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Altera_Forum
Honored Contributor I
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FOC algorithm in Drive-On-A Chip reference design

Hello all, 

 

sorry if this is not supposed to be posted here. 

 

 

I have three questions regarding to the FOC algorithm implemented in the reference design mentioned in this post's title. 

1) About inverse-Clark transformation (or SVM) 

In the datasheet of the reference design, FOC algorithm is realized in hardware part, not in software part like Nios II nor MCU. 

So the hardware's final output is supposed to have Va, Vb, Vc. 

However the output of FOC algorithm in the reference design does NOT have them  

BUT has Valpha and Vbeta meaning that the algorithm does not do inverse-Clark transformation (am I right?).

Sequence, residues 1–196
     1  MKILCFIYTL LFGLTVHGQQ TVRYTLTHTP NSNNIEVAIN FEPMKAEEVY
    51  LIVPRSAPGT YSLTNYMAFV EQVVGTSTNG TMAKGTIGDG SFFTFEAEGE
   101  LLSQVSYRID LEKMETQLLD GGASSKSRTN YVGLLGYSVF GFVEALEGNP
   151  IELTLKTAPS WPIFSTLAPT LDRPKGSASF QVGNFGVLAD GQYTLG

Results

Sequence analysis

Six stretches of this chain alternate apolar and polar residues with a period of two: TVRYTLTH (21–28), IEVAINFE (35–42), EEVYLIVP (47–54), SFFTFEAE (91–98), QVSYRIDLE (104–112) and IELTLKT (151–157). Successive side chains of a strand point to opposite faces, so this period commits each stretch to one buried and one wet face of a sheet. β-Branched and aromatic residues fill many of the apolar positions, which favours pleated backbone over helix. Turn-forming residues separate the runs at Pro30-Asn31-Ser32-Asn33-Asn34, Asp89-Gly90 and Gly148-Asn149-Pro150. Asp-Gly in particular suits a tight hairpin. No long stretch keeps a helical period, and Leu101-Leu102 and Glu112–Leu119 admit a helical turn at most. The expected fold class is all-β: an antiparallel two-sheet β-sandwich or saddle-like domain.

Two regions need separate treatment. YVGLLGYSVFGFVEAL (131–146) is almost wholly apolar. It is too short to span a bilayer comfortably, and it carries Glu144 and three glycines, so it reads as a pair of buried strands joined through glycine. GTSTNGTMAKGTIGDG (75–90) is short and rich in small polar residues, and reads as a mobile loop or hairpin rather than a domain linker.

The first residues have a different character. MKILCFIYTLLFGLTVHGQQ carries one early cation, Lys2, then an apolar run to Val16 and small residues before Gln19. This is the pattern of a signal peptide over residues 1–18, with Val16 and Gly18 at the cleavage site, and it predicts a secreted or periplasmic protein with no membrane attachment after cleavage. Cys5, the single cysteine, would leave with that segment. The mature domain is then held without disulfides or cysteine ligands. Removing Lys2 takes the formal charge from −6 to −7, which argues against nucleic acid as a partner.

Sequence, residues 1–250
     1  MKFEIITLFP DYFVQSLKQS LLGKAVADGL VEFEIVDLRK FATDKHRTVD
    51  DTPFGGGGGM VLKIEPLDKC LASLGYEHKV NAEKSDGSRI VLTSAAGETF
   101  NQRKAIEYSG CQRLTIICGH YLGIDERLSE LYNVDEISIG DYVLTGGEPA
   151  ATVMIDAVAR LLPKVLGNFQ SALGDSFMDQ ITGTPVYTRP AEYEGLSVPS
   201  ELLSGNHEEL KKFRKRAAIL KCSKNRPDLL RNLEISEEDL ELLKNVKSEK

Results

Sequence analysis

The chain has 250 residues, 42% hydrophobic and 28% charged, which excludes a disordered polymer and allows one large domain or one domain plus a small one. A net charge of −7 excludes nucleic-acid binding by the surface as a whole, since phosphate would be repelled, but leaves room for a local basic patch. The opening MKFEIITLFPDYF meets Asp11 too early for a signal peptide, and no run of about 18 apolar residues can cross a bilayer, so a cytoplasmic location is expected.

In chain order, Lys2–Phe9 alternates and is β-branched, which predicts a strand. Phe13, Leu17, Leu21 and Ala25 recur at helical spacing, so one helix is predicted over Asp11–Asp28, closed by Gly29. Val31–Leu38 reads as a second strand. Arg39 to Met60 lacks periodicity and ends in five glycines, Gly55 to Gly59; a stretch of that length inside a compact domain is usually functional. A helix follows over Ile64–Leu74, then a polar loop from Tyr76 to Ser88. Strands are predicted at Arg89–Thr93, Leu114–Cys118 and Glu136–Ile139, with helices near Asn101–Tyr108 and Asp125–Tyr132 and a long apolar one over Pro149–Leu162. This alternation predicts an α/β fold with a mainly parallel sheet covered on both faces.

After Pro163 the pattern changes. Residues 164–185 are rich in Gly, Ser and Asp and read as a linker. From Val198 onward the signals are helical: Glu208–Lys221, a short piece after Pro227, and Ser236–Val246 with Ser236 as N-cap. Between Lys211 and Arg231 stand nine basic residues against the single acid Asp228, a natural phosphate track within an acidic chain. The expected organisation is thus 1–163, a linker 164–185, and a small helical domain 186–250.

so who does the inverse-Clark transformation in the reference design? 

 

2) About FOC algorithm in software part 

The software included in the reference design also include FOC algorithm. 

As mentioned above, the datasheet says FOC algorithm is realized in hardware part. 

Why does the software also include FOC algorithm? 

 

3) About axis_in 

Why is its bit width is 8? 

In the datasheet, this reference design can handle up to 4 axis. 

So I think the width does not have to be more than 4. 

Why does it have more than 4? 

 

 

Sincerely, 

yhatagishi
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Altera_Forum
Honored Contributor I
95 Views

I found answers in the newest document. 

 

as for 1), inverse-Clarke transformation is not included somehow. 

as for 2), FOC is done by software to compare the result obtained by hardware and by software. 

as for 3), my guess is that it is 8 bits because there is no data type for 4 bits data. (char is 8 bit)
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